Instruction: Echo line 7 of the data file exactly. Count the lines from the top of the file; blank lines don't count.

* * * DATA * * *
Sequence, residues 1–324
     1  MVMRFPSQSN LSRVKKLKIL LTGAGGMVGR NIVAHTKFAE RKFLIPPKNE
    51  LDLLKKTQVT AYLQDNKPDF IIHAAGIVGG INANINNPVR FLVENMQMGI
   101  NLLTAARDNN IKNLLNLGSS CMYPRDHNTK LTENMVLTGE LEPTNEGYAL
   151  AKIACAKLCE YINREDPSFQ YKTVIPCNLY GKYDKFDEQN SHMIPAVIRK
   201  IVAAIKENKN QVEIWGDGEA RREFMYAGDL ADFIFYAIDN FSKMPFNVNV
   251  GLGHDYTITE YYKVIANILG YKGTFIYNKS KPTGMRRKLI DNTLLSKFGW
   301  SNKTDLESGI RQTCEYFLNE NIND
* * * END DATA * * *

   251  GLGHDYTITE YYKVIANILG YKGTFIYNKS KPTGMRRKLI DNTLLSKFGW